Courts have been wary of overreaching non-competition clauses given the serious barrier they can impose on an employee’s ability to use their own skills and experience to work and earn a living. In recognition of this concern, the Employment Standards Act was amended in late 2021 to prohibit non-compete clauses entirely, except in chief executive employment contracts or contracts relating to selling a business.
A non-solicitation clause prevents an employee from contacting or soliciting business from the employer’s clients once the employee has left their job. The employee may also be restricted from soliciting the employer’s staff or vendors. While non-solicitation clauses are legal under the Employment Standards Act, courts have generally required them to balance the employer and employee’s interests fairly. As a result, these clauses should be reasonably restricted in their duration and geographical boundary after the employee’s employment ends.
Wrongful dismissal occurs when an employee’s employment is terminated without providing proper notice (or pay in lieu thereof). In Ontario, the minimum amount of notice for non-unionized employees is set out in the Employment Standards Act. However, depending on various factors such as an employee’s seniority, length of service, and skillset, they may be entitled to a higher amount of notice under established case law.
Wrongful dismissal claims may not be limited to the amount of notice owing to an employee. They may include claims for unpaid vacation pay, benefits, pension entitlements, or any other right owed to an employee under the Employment Standards Act or their employment contract. A wrongful dismissal claim may also include aggravated or punitive damages relating to bad faith conduct on the part of the employer concerning the method of termination.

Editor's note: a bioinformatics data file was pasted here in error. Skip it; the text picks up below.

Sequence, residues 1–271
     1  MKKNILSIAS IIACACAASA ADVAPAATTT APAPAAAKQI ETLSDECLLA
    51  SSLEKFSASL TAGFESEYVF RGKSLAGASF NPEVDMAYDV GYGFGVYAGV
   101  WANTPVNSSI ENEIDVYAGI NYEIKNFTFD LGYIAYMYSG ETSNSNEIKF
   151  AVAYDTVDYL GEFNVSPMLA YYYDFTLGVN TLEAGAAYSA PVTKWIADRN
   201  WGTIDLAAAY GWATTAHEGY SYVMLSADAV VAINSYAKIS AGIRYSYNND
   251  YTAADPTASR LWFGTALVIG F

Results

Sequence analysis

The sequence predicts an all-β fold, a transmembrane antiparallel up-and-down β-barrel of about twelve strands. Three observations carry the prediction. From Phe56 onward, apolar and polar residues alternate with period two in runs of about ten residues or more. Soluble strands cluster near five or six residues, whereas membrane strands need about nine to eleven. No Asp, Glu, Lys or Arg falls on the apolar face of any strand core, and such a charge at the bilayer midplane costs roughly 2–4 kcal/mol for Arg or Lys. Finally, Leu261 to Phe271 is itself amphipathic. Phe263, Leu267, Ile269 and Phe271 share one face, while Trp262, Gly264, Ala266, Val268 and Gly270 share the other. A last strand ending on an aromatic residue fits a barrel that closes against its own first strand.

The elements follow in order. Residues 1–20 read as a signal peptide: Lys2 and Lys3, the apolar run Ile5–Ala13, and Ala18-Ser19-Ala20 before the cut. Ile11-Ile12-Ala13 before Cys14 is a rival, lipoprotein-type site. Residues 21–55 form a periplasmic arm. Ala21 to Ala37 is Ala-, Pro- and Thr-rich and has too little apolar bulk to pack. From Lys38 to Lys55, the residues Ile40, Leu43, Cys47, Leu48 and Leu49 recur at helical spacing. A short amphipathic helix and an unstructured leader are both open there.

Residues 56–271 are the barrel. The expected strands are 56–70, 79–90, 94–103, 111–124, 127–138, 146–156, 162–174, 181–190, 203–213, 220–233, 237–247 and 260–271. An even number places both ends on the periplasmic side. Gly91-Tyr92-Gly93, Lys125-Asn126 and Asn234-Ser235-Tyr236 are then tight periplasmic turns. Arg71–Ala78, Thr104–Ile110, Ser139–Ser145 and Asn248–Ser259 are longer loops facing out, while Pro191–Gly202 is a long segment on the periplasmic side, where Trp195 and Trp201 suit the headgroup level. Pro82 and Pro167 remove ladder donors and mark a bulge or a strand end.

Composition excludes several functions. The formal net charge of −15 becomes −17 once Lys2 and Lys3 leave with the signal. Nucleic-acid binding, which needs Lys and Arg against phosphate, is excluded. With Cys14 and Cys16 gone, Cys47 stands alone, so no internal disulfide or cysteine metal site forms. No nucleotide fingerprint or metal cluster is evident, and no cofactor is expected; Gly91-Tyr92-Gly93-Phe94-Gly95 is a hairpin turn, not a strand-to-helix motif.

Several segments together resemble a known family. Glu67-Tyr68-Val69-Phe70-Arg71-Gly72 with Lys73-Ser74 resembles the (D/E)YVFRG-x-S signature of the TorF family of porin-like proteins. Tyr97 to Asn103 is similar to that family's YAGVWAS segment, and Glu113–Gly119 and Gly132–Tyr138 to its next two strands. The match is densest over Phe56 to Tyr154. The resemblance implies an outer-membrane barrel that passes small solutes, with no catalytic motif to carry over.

Dismissal “For Cause” (or “With Just Cause”)
Dismissing an employee “for cause” means they were terminated without legal notice because they committed some egregious wrongdoing or breach of their employment contract. The breach must have been so serious as to consider the employment agreement effectively terminated by the employee.
It can be challenging to prove an employee deserved to be dismissed for cause. If the employee is dismissed for cause without adequate grounds, the employee may have a claim for wrongful dismissal. Courts can additionally penalize the employer for improperly alleging cause for dismissal through aggravated or punitive damages.
Willis Business Law Provides Top-Tier Employment Litigation Advice for Windsor-Essex Employers
The above issues are a small representation of the myriad of disputes that can lead to employment litigation. Consulting with a skilled employment lawyer, such as those at Willis Business Law, helps employers protect their rights and ensure they are not vulnerable to liability under employment legislation and case law.
The employment litigation lawyers at Willis Business Law are dedicated to the success of businesses in Windsor-Essex County and the community at large. Using its wealth of experience serving large and small employers, including public and private sector institutions, the firm advocates for Windsor businesses and deliver results in employment disputes of any complexity. By working collaboratively and developing dynamic litigation strategies, the employment law team at Willis Business Law has developed a reputation for consistently exceeding client expectations.
Willis Business Law is based in Windsor’s financial district, overlooking the beautiful Detroit River. Conveniently located close to the courts and various government offices, the firm proudly provides top-tier business law, employment law, labour law, and mediation services across Windsor-Essex County. To book a consultation, please call 519-945-5470 or reach out online.